THE death of Gustav Mahler, on May 18, in Vienna, was a shock to the entire musical world. A biography of this great composer-director was given in the May issue of THE ETUDE in connection with what was doubtless his last statement of musical consequence. THE ETUDE had little idea that it was to have the melancholy honor of publishing the “swan song” of this famous master. He was very averse to being interviewed, contending that an interview would be construed as an attempt to push himself forward, or as a bid for publicity. He was quite willing to give our readers the benefit of his opinions, but his genuine modesty and retiring disposition was almost pathetic, as he dreaded the limelight, and desired to be known only through his work as a conductor and as a composer.
In addressing our representative he said that he had long since ceased to read musical criticism in the papers. He claimed that they annoyed him quite as much when they were good as when they were bad. This general animosity to the critic made many enemies for him, and some did not hesitate to express themselves very freely over his work. Accustomed by long years of service in Europe to expect a kind of military obedience to all of his commands, his path in America was by no means an easy one. Nevertheless, he produced results in opera and in concert with the New York Philharmonic that will long be remembered.
Mahler was a kind of human dynamo with hardly flesh and blood enough to conceal the coils and magnets. For many years he had been nervous to the point of explosiveness. His memory, training and natural ability as a conductor were nothing short of marvelous. In his attire he was simple to the point of being ascetic. In fact, when his slender little body, with its distinctive individuality, came between the orchestra and the audience the audience was at once impressed that the man was a real master—such a master as one might have expected to see walking in the streets of Leipsic or Vienna one hundred years ago. Although receiving the highest salary ever paid to a conductor in America or in any other country, Mahler gave no indication of being mercenary. His salary came to him because he was the one man in the world who could command it.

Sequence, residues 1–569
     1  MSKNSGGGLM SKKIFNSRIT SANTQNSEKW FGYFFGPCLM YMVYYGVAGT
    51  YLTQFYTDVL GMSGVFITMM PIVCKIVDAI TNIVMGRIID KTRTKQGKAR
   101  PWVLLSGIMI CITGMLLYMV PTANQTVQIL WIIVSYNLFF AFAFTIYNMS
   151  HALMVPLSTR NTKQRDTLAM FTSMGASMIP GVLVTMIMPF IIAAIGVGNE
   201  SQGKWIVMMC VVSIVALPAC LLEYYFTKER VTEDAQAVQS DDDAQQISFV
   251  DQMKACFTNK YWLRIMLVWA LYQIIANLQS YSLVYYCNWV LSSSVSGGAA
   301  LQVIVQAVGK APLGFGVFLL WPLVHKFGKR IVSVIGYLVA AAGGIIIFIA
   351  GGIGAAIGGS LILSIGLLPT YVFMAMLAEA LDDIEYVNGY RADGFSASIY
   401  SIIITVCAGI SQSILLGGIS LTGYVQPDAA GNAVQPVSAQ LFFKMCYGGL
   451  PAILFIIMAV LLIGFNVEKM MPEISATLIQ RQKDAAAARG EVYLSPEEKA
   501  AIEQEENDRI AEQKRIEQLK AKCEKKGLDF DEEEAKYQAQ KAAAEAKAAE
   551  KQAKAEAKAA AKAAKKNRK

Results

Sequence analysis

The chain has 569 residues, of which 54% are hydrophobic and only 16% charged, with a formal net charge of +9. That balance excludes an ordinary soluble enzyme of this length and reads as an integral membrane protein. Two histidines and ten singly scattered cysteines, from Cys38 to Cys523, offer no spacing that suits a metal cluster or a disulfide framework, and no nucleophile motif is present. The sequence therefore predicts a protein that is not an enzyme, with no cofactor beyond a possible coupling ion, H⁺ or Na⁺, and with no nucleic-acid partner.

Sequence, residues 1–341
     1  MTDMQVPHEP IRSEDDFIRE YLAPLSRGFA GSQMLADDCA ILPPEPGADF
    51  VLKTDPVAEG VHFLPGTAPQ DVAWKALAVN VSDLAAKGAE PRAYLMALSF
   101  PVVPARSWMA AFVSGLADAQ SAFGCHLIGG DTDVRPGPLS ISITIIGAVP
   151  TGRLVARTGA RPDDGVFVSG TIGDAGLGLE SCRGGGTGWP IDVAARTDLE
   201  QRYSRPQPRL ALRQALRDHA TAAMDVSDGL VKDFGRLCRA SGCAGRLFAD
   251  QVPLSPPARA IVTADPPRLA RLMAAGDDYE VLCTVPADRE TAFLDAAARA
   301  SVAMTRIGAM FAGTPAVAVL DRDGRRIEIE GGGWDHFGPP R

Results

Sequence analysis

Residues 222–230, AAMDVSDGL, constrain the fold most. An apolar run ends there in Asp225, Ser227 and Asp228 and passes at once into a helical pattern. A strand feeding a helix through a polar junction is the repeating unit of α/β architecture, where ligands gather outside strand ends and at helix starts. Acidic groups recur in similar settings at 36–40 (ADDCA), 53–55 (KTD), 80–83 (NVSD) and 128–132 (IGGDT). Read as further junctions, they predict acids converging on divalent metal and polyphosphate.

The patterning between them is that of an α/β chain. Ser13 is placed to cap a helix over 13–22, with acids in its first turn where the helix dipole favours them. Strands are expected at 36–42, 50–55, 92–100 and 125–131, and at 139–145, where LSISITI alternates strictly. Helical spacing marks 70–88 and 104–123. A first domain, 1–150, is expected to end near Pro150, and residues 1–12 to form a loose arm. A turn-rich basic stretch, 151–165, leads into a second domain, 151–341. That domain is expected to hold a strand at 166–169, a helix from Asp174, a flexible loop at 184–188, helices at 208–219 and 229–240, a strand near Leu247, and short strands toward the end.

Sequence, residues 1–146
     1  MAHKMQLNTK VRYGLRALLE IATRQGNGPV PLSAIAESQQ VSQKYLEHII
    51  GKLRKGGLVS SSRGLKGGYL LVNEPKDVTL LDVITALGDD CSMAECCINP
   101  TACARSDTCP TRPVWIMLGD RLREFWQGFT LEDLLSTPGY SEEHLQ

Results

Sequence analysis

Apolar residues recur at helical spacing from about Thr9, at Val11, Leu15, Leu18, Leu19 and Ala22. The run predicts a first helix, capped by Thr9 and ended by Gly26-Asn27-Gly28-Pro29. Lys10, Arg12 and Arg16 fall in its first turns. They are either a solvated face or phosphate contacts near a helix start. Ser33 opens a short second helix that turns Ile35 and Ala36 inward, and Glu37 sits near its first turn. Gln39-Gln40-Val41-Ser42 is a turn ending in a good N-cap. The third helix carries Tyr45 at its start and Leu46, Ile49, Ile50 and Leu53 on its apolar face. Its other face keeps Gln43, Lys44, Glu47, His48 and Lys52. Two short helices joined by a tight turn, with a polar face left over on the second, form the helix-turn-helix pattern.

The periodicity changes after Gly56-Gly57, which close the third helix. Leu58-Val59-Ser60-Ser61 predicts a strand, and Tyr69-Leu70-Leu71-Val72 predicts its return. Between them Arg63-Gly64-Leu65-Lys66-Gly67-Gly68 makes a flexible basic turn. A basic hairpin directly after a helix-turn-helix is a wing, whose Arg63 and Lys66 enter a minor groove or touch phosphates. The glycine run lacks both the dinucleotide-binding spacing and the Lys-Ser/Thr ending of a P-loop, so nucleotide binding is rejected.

In his interview for THE ETUDE Mahler laid great stress upon the importance of the folk-song in early musical education. He told our representative that while the melodies he employed and the themes he used were quite original, he felt his mind wandering back to the old Bohemian folk-songs he heard when he was a boy. Mahler was inclined to look with disdain upon the assistance he had received from his teachers, and claimed that those who would compose must learn to depend upon themselves. Although he had been a pupil of as famous a master as Bruckner, he waived aside the fact of having such a training and claimed that he had been obliged to work out his own musical salvation.
As a composer Mahler will be known principally through his eight symphonies. He has also composed a few choral works of significance, including Das Klagende Lied. The two operatic works with which he is credited by the Grove dictionary we know, upon the composer’s own authority, to be merely sketches or outlines which he never had the time to develop as he desired. The nature of his works makes it unlikely that he will become well known to the public of the future as a composer. A symphony, particularly a Mahler symphony, demands a large body of men to give it a tonal existence. Mahler wrote practically nothing in the smaller forms by which he will be remembered. His orchestral effects were startling and contrived with great ingenuity. His intimate knowledge of the possibilities of the orchestra gave his musical ideas a kind of fluency of expression which enabled him to employ many effects which others would have found it extremely difficult to secure. He was invariably ranked with Strauss and Reger as one of the greatest composers of our time.